“There are whole spaces where you can’t stop to have a coffee or glass of wine and enjoy the view. If you think about what a unique street Princes Street is with that view up to the Castle, not to be able to sit and look up at that view, we think that’s something that needs to change.

“I think what will happen is those businesses that perhaps haven’t changed with the times, or have struggled to make their business model work, will inevitably close down, but there are other opportunities for Princes Street – not just for retail but still leaving a vibrant city centre. It’s a great opportunity for Edinburgh to transform the city centre into something better.”

In order to make it through the tough times, shops will have to offer something different to compete with online retailers.

Mr Pretious points to the success of John Lewis, which although not the cheapest shop on the high street, offers good customer service, quality products and reliability, and on Princes Street, to the continuing success of shops such as Topshop and Urban Outfitters.

He says: “There are retailers that are continuing to be able to offer excellent customer service and fantastic ranges not available anywhere else, or they have products people want to go and try on, or test out. Customers want to go and kick the tyres so to speak.”

In addition to a high street presence, he says most clothing retailers have an online platform as well – with the exception of Princes Street store Primark, which instead competes with the online shops by selling its products at very low ­­prices.

However, he warns the shops that sell brand products which can easily be sold online, such as books, music and electronics, are the ones that will suffer.

While he thinks these are most likely to be replaced by financial services companies and service retailers such as mobile phone or fast-food companies, he would also like to see more high quality independent shops opening up on Princes Street.

He adds: “What I would not like to see is Princes Street suffering the same way as the Royal Mile has with the very downmarket aggregations of souvenir shops.”

While it is easy to be nostalgic about the loss of HMV, Wimpy, Littlewoods, Etam and numerous other names that have disappeared from Princes Street over the years, Councillor Frank Ross, convener of the economy committee, says we should instead focus on the big names that have taken their place – and look forward to the ones yet to come, like the city’s first Apple store.

“Princes Street has changed over the years – as have other major high streets – due to national trends increasing online shopping and leisure activities,” he says. “We continue to work with many partners across the city to attract big-name retailers and we look forward to imminent exciting arrivals.”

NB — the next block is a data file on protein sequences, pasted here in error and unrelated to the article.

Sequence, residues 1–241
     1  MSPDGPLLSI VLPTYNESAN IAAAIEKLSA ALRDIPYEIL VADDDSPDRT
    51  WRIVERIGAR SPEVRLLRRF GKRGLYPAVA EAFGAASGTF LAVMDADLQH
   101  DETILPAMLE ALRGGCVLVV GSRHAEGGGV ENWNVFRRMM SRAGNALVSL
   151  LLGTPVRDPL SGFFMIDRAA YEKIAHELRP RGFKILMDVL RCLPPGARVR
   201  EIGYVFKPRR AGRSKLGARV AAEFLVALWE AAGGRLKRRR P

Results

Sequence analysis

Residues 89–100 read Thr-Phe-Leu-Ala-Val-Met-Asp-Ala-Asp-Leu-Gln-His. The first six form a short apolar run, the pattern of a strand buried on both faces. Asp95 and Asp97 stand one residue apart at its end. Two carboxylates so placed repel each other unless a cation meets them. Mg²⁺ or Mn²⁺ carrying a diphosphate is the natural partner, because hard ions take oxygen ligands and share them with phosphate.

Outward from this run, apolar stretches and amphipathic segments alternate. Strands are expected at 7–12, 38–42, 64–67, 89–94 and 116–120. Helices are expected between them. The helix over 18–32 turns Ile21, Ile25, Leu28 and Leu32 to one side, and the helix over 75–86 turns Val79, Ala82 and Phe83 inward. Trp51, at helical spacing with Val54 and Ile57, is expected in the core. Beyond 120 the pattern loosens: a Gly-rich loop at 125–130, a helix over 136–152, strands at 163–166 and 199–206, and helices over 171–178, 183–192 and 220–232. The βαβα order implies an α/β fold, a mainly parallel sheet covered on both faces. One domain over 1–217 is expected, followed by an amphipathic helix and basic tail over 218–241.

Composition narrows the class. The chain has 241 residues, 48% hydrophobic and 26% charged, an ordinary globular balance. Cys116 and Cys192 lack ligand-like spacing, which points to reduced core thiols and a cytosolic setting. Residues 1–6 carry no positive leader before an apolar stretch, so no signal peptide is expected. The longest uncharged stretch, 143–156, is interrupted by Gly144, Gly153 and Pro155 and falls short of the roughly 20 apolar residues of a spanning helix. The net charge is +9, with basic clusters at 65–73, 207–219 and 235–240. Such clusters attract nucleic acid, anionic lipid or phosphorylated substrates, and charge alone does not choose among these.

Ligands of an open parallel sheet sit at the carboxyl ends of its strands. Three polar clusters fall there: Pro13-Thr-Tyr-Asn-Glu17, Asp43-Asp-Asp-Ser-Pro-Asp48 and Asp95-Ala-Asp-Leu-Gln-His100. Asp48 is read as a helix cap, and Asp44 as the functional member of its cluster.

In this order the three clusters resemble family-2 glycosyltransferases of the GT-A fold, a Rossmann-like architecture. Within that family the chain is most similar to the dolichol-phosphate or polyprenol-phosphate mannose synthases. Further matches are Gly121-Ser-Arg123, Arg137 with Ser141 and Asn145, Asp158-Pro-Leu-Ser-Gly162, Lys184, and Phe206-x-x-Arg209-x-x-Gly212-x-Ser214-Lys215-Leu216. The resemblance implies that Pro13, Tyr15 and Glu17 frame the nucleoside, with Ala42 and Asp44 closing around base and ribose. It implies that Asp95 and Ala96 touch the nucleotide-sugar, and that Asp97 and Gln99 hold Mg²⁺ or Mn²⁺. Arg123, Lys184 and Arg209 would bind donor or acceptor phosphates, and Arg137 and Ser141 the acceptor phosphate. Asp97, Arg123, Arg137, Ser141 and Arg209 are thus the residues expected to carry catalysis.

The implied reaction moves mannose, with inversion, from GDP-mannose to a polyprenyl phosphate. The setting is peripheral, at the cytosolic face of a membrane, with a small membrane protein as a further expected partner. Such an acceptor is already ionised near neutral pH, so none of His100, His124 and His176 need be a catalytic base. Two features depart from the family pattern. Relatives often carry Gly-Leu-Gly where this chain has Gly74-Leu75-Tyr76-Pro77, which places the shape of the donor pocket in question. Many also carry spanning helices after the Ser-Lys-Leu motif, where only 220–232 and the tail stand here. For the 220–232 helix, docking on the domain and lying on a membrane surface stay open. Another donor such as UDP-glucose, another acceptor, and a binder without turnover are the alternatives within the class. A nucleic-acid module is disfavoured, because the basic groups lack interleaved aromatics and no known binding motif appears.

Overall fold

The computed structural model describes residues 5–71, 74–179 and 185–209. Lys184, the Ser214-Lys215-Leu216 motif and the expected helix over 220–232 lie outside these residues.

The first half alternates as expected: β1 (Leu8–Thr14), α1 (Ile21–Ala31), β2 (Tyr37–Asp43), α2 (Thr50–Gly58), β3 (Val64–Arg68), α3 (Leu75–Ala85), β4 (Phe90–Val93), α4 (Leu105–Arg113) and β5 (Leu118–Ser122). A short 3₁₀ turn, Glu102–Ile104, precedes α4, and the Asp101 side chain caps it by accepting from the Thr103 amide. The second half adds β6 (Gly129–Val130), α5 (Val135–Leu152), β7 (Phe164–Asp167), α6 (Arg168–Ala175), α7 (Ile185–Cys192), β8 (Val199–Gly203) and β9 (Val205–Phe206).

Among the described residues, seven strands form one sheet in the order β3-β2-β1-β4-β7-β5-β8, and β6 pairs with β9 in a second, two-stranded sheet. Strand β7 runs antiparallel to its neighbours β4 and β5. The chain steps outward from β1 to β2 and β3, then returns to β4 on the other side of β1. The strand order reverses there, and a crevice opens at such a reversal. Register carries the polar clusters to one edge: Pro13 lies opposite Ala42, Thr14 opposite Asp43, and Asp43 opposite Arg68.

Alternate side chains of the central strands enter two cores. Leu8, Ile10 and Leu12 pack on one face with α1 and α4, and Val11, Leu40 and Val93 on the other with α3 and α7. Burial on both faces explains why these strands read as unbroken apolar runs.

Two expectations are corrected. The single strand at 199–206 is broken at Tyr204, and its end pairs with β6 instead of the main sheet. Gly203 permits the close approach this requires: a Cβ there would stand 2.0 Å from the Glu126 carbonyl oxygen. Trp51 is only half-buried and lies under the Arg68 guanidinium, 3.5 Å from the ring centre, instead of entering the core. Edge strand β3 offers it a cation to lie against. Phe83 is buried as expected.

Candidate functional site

Alive and kicking?

FORMER Simple Minds manager Bruce Findlay says he believes the humble record shop still has a place in Edinburgh, but the days of megastores like HMV are over.

The 68-year-old, who ran Scotland’s best known music chain Bruce’s Record Shop during the 1970s, says the industry has come full circle.

He predicts independent stores situated away from the high street would be the survivors, adding: “I think there will always be room for a record shop, partly because people want to buy records and I mean records, not music.

“I think there’ll always be room for music stores like Underground Solution and Coda in Edinburgh, just small specialist shops that are either selling new records in some cases, or are genre specific.

“I think the days of the megastore are over, but the days of the independent record shop – there may not be as many of them – but I think they will continue. In fact, if I was a young guy today, I would consider starting a record shop.”

BEEN AND GONE

Some of the names which have disappeared from Princes Street – either forever or to move elsewhere in the city – are Virgin, John Menzies, Woolworths, Dixons, Wimpy, Burger King, Royal Bank of Scotland, Post Office, Burberry, Littlewoods, Razzle Dazzle, Etam, Benetton, Häagen-Dazs, Wallis, Bally, Richards, Salisburys, Dorothy Perkins, Mothercare, Austin Reed and Jaeger.

Some of the big new arrivals are Primark, Urban Outfitters, Lush Spa and (expected) Apple store.